Lidey Heuck, 29, a Bowdoin graduate, food blogger and recipe developer who worked for Ina Garten, spent the summer in Maine, working at The Lost Kitchen and enjoying Maine food. Photo courtesy of Lidey Heuck

When the pandemic hit last spring, Lidey Heuck already had a plan in place for escaping New York. The food blogger and recipe developer had rented an apartment in Belfast for the summer and was looking forward to working at The Lost Kitchen in Freedom.

For Heuck, 29, it was all part of plotting the next chapter of her life after working more than six years for Ina Garten, acclaimed cookbook author and host of the “Barefoot Contessa” show on the Food Network. One of her last assignments from Garten was to test recipes for Garten’s latest cookbook, “Modern Comfort Food,” which came out Oct. 6.

“Didn’t we have FUN?!!!” Garten commented on Heuck’s Instagram the day the book was released. “How many times did we make that Boston Cream Pie? And you added the ingredient that made it perfect.”

Heuck says she’s “not totally sure” what that ingredient was because they tested the recipe “over and over and over.”

“I can say, though, it’s out of this world and well worth the effort.”

Heuck, originally from Pittsburgh, is a graduate of Bowdoin College, contributes recipes monthly to the New York Times, and has her own food and entertaining blog, (Lidey is short for Elida, which is an old English variation of Eliza.) She has been featured in Food & Wine and the Food Network magazine and has more than 80,000 followers on Instagram.


Heuck lives in New York with her fiance and Winkie, her Welsh terrier, who has his own Instagram account (@winkiethewelsh) with more than 9,000 followers. We spoke with her about her career and her summer in Maine at the end of October, as she was preparing to return to New York, where she will be focusing on her blog and recipes for the Times. She also plans to work on developing recipes for her own cookbook, featuring “approachable, seasonal and delicious food.”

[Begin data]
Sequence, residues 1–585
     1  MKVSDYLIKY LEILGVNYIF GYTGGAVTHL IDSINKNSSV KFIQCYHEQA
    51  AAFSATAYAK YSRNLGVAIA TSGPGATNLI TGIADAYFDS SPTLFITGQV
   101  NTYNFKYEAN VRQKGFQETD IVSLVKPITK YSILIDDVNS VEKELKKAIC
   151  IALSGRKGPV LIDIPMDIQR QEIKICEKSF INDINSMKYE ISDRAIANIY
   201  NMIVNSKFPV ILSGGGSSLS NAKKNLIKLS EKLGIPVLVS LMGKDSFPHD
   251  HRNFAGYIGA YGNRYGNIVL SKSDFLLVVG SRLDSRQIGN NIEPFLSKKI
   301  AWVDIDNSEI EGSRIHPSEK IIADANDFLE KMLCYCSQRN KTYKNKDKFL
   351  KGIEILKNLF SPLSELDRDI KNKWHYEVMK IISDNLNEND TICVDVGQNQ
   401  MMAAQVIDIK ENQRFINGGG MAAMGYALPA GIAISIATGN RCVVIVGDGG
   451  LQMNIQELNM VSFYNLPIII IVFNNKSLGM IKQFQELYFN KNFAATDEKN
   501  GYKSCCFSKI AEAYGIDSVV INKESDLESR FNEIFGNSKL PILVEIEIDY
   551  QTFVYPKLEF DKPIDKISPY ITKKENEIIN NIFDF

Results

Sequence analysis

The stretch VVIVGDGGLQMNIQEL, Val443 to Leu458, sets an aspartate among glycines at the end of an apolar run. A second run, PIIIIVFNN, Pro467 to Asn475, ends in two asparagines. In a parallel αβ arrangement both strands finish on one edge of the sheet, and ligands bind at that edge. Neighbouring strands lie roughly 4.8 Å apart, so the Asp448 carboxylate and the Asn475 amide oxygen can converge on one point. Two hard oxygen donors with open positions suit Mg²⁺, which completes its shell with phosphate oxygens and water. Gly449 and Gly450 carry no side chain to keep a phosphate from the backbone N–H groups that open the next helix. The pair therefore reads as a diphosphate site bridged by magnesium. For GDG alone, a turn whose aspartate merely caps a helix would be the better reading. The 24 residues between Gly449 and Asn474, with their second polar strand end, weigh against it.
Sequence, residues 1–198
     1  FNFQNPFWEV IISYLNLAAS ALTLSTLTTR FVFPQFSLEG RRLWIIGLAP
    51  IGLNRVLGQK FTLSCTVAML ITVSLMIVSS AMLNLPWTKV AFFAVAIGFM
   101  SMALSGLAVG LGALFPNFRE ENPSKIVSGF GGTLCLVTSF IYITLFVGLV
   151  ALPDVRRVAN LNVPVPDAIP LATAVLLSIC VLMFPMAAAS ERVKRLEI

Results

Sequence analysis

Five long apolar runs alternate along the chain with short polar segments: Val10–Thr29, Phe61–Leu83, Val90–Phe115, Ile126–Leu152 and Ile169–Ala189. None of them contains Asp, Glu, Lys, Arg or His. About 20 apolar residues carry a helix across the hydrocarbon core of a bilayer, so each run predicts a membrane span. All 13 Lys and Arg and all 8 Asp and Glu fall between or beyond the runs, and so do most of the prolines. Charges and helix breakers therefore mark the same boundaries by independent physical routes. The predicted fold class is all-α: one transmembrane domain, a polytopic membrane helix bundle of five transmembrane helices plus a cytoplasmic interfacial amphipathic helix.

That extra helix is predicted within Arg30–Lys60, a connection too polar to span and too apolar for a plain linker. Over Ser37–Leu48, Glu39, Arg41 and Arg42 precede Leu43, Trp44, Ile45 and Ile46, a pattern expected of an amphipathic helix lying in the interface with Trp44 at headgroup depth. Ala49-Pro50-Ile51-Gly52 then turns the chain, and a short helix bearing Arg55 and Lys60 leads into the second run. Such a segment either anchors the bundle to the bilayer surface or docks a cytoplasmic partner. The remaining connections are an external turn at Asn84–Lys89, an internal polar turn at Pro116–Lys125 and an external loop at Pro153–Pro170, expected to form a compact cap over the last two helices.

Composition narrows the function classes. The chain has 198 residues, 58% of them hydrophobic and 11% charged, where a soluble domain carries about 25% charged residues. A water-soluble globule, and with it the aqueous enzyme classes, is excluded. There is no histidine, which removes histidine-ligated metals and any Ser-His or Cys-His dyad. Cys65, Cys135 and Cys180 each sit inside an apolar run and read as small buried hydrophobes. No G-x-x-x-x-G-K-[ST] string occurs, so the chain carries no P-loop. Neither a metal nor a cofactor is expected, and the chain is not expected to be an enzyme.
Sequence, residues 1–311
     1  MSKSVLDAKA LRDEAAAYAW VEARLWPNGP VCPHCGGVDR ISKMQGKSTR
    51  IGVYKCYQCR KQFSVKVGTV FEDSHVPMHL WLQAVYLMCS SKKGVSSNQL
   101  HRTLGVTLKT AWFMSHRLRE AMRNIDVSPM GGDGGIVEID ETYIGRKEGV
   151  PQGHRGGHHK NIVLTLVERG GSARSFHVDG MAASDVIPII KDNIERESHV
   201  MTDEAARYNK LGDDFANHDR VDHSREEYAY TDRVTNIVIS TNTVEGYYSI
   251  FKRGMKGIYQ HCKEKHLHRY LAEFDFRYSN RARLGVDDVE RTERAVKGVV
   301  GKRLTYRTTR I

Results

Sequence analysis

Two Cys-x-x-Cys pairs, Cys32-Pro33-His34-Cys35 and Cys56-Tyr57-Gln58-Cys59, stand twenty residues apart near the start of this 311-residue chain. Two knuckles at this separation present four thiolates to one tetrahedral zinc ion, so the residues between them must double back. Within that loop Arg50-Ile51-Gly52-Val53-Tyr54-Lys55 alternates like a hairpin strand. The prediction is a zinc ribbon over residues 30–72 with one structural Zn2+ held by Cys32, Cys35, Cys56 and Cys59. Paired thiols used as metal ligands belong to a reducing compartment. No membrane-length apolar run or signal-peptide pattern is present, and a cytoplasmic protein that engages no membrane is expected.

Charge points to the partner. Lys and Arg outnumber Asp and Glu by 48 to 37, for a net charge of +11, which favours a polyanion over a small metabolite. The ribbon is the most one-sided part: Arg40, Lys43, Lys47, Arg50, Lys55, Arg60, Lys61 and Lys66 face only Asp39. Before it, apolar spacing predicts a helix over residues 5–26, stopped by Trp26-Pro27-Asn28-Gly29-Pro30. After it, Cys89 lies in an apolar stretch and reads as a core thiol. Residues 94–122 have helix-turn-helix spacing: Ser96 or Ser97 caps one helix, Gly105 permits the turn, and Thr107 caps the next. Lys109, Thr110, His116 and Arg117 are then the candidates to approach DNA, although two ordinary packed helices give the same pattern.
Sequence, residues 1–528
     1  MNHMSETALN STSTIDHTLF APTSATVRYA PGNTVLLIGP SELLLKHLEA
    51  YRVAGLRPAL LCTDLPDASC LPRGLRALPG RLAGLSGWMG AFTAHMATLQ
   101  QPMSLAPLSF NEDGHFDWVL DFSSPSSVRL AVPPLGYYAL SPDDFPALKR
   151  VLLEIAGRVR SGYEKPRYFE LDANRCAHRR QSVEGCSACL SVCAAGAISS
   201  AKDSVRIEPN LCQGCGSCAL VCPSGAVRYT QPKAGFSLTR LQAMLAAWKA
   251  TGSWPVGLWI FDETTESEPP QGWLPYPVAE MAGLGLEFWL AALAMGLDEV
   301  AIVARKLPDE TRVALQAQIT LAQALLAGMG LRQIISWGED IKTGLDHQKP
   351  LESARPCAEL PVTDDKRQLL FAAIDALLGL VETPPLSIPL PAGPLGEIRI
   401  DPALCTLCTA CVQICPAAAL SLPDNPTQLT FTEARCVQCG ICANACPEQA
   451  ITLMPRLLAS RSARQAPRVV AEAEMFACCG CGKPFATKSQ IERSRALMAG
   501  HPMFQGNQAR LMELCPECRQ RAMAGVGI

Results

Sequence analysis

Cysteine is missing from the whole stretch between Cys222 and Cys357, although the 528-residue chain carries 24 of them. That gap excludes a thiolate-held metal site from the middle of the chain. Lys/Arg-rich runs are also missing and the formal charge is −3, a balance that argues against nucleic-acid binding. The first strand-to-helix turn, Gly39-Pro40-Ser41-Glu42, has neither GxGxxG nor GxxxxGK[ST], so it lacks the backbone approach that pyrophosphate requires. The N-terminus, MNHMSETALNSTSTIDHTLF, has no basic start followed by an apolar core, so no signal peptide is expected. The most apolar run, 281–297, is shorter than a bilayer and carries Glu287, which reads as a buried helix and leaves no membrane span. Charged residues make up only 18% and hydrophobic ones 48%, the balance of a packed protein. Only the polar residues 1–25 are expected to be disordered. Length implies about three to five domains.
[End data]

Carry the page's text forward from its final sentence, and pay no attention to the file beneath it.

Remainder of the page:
This interview has been edited for length and clarity.

Q: You originally went to work for Ina Garten as a social media manager, but did you always want a career in food?

A: I kind of fell into it. I liked to bake when I was growing up, but it was never something I thought I would do for a living. In college at Bowdoin, my friends and I cooked a lot. We had weekly dinners, especially in the winter when there was not a whole lot to do. Cooking was just one thing we did for fun, and that was where I started to enjoy entertaining for friends.

I have this connection to Ina Garten through a friend’s father, and I just have always admired her. There was something about her I found so intriguing in terms of just being a beloved culinary figure and also a businessperson. I just thought, wouldn’t it be fun to work for her, especially for my first job out of college. I didn’t want to do something in an office, I wanted to do something fun and exciting. And so I sent her a letter through my friend’s father, just introducing myself. She happened to be looking for someone to help with social media, so I went down (to the Hamptons) and met with her. Obviously it turned out to be one of the best things I ever did.